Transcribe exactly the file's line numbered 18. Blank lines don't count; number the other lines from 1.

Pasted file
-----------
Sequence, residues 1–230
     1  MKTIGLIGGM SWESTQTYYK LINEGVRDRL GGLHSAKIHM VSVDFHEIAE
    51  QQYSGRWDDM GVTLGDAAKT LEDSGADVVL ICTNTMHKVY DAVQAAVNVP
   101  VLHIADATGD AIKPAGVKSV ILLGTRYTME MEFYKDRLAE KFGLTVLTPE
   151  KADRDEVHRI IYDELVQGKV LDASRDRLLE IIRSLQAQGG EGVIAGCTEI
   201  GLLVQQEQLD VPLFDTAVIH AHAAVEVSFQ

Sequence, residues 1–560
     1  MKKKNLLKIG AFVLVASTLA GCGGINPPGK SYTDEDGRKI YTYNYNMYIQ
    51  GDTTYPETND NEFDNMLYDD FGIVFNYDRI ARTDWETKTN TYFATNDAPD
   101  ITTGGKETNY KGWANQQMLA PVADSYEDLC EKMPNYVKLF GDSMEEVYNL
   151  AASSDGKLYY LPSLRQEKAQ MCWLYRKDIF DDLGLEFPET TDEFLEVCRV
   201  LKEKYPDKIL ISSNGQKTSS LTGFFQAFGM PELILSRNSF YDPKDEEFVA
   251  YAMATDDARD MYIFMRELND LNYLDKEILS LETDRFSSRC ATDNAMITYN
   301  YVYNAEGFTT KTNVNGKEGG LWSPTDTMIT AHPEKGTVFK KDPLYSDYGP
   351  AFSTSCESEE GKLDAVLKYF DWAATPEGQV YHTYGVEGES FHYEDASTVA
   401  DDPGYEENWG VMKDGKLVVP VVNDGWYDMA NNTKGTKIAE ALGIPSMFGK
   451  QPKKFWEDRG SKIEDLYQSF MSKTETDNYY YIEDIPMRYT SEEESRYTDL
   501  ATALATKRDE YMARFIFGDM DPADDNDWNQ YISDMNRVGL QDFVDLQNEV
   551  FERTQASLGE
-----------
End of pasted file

   501  ATALATKRDE YMARFIFGDM DPADDNDWNQ YISDMNRVGL QDFVDLQNEV